Will a new tool support informed school choice in Florida?

To make meaningful school choices, parents need useful information about school performance – information that’s often buried on government websites and hard to find.

The Florida Department of Education is trying to address that problem. This week, it unveiled a new online tool that allows parents to compare school performance data and read up on their options.

The new site, a joint project with the Florida Education Foundation, will likely break down some, but it all, of the information barriers parents might face when they try to pick a new school for their child.

“I commend the department for responding to the needs of Florida’s families with this informative, intuitive and transparent website, and I look forward to its continuous development,”  state Board of Education chair Marva Johnson said in a press release.

There have been lots of efforts — local and national, public and private — to help parents make informed school choices. Some cities, like New Orleans and Washington D.C., have created unified enrollment systems that allow parents to apply to all public schools in their geographic area. Their online choice applications also include school performance data, and studies have found parents do use that information.

But in many cases, school performance data is incomplete or not connected to other information parents might need to select schools for their child. Continue Reading →


Florida schools roundup: Recess bill, teacher bonuses, seat belts and more

florida-roundup-logoRecess bill filed: A bill has again been filed in the Legislature to require daily recess in Florida’s elementary schools. Sen. Anitere Flores, R-Miami, filed SB 78, which would require 20 minutes of “supervised, safe and unstructured free-play recess” every day for K-5 students. A similar bill died in the Senate last year. Miami Herald. Florida Politics. A Pinellas County School District survey indicates about half the county’s elementary schools have unstructured recess on days without a physical education class. Gradebook.

Teacher bonuses: In August, Education Commissioner Pam Stewart was asked by the State Board of Education to present an alternative to the Best and Brightest teacher bonuses program. Stewart has yet to present that plan, which the board is hoping to offer the Legislature as an option to the current program that gives bonuses to teachers based on evaluations and college entry exam scores. Gradebook.

School bus seat belts: Florida is one of just six states with a law requiring the use of seat belts on school buses. But several loopholes complicate enforcement of the law, say experts. WKMG.

No job for Pons: Former Leon County School Superintendent Jackie Pons will not be returning to a job with the school district. Rocky Hanna, who defeated Pons in the Nov. 8 election, says the policy that allows former elected officials to return to a district job does not apply to Pons. It was adopted in 2013, and Pons left his job as a principal to become superintendent in 2006. Pons’ lawyer says they are weighing their options. Tallahassee Democrat.
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Two generations of school choice advocates: Virginia Walden Ford, podcastED

virginia-walden-fordTwo of Virginia Walden Ford’s children went to public schools and thrived. They had access to mentoring programs and classes that nurtured their talents. But it was the experience of her youngest child, William, that led her to become a school choice advocate.

In middle school, he started to show signs of academic struggles. At the same time, drugs and gang activity were on the rise in the family’s working-class neighborhood in the nation’s capital.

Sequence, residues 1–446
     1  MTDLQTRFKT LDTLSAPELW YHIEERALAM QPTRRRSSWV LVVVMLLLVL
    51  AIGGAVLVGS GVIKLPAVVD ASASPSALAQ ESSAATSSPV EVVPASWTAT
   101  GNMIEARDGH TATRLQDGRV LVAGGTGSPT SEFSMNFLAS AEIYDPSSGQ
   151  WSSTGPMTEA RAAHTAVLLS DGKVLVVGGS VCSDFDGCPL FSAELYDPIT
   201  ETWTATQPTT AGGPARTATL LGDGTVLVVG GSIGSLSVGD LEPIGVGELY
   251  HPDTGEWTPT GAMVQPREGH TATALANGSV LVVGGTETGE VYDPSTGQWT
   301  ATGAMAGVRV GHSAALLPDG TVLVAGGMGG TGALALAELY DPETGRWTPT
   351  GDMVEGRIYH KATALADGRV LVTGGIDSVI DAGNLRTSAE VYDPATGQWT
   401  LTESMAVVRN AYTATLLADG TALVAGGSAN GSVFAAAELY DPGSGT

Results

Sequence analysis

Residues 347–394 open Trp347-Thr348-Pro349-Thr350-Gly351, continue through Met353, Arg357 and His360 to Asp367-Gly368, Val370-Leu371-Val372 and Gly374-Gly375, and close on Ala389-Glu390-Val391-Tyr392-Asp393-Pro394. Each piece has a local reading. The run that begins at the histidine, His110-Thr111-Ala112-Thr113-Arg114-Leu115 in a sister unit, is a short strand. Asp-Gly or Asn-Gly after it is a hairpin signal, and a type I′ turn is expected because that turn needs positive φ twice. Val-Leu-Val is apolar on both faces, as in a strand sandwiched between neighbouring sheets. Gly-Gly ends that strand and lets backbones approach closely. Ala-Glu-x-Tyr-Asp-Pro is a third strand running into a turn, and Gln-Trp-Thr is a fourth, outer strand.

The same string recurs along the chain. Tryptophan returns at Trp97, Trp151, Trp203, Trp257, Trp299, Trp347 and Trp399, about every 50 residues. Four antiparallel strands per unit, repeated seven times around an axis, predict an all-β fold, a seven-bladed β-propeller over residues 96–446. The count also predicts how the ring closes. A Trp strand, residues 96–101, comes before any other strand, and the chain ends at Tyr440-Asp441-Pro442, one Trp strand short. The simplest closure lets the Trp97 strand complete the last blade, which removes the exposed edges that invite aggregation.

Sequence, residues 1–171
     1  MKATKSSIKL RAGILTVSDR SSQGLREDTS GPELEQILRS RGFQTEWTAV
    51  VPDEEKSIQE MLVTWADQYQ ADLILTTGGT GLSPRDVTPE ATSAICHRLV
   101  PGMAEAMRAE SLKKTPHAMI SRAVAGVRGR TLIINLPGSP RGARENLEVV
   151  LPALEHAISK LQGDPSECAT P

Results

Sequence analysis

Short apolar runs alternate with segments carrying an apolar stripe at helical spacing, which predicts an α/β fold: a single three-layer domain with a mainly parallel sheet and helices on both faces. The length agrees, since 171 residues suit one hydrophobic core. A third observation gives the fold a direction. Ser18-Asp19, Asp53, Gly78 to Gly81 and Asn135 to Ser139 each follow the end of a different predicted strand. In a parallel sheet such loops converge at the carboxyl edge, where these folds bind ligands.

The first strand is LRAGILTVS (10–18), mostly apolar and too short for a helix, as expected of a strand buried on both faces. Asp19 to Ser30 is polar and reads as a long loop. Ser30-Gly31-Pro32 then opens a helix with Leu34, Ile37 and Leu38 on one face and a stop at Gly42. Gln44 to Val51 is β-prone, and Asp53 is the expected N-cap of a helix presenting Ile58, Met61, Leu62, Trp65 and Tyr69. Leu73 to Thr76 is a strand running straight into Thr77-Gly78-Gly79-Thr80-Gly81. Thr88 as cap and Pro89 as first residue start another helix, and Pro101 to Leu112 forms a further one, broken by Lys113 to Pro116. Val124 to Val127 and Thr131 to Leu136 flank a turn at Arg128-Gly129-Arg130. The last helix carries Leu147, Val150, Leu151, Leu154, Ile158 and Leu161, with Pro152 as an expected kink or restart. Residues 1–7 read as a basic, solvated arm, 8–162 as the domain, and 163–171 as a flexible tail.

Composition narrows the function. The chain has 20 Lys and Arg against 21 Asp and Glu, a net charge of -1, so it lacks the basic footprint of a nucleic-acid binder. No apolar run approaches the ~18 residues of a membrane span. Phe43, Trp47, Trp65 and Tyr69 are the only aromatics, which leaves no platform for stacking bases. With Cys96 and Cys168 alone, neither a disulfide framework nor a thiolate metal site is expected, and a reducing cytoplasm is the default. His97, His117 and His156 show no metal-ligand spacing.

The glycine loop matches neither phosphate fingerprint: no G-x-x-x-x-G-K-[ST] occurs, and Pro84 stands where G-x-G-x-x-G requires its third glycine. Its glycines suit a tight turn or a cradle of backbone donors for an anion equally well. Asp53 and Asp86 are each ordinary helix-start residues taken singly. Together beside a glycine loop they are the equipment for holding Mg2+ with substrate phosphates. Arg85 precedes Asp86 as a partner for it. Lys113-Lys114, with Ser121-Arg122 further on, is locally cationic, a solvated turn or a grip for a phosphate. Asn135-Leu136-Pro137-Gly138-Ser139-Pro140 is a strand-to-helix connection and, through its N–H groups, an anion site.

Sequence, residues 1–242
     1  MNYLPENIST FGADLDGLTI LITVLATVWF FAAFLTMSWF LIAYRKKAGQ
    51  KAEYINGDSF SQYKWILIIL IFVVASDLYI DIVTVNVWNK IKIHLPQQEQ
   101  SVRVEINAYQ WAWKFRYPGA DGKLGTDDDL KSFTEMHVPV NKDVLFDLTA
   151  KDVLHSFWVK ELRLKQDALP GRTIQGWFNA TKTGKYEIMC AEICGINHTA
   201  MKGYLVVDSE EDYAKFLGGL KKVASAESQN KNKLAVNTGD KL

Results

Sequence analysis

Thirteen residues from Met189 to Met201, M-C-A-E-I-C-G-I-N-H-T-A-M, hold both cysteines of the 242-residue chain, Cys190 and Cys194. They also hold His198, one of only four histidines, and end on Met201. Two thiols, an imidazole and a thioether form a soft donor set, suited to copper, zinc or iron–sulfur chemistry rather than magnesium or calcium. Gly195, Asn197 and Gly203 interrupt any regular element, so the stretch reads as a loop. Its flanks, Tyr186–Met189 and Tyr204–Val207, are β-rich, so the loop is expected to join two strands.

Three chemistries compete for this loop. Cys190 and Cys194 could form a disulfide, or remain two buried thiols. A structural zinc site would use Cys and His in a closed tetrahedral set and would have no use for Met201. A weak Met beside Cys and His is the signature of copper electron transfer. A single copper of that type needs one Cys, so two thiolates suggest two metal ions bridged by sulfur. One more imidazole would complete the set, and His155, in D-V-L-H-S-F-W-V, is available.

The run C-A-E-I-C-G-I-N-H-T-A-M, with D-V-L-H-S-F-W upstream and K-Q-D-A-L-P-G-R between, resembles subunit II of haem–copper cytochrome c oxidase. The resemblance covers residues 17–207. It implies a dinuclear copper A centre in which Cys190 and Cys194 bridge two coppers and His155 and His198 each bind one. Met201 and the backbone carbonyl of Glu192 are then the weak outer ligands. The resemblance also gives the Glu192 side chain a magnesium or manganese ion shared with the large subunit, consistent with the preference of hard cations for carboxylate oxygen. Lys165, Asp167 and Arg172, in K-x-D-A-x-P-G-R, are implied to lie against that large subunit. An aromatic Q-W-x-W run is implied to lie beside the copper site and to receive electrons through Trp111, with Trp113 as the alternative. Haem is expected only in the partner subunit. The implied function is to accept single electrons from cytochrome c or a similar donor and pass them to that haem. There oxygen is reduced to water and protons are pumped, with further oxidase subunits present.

“I always said I would never lose my kids … to the streets, but I knew that if I didn’t do something, then the possibility that this child would not succeed was right staring me in the face,” Ford says.

She found a private scholarship that allowed him to enroll at Archbishop Carroll High School, where he started doing better “almost immediately.” He told his mother that, for the first time, he felt surrounded by adults who cared about his education almost as much as she did.

“That was my first time realizing that if a child is an environment that meets his needs, then he will thrive and he will excel,” Ford says.

That’s the kind of turnaround story Denisha Merriweather can relate to. She changed her own academic trajectory after enrolling in a private school with the help of a Florida tax credit scholarship. On the latest edition of our podcast, she talks with Ford about using her own experience to advocate for educational options in the political arena.

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Florida schools roundup: Mixed testing results, new rules for schools and more

florida-roundup-logoMath, science testing: Florida eighth-graders have improved their performance in math and science testing since 2011, but still rank below students around the United States, according to a survey of 20,000 students worldwide by Trends in International Mathematics and Science Study. Fourth-graders in Florida performed about as well as their U.S. peers. Orlando Sentinel.

New rules for schools: The Obama administration releases final rules on how to measure schools. Standardized tests will continue to be used, but districts may also consider other factors, and compliance is pushed back a year, to the 2018-2019 school year. The practical effect of the change is unclear, with President-elect Donald Trump expected to make wholesale changes to the education system. Washington Post. Associated Press.

Voucher expansion: Rep. Michael Bileca, R-Miami, the new chairman of education policy for the Florida House, says he wants to expand the availability of vouchers for students with disabilities. Almost 6,000 students with various disabilities now use Gardiner Scholarships. Politico Florida.

Contract agreement: The Brevard County teachers union reaches a contract agreement with the school district that calls for an average raise of 1.8 percent. The deal allots a $581 raise for teachers rated highly effective, $475 for those rated effective and $185 for all others. Teachers will vote on the proposed agreement Dec. 9, and the school board will consider it on Dec. 13. Florida Today.

Teachers drop out: More than 10 percent of the teachers who were hired last summer to teach at struggling elementary schools in Pinellas County have already left their jobs. That’s 16 of the 114 teachers hired for the so-called “transformation” schools. Gradebook. Continue Reading →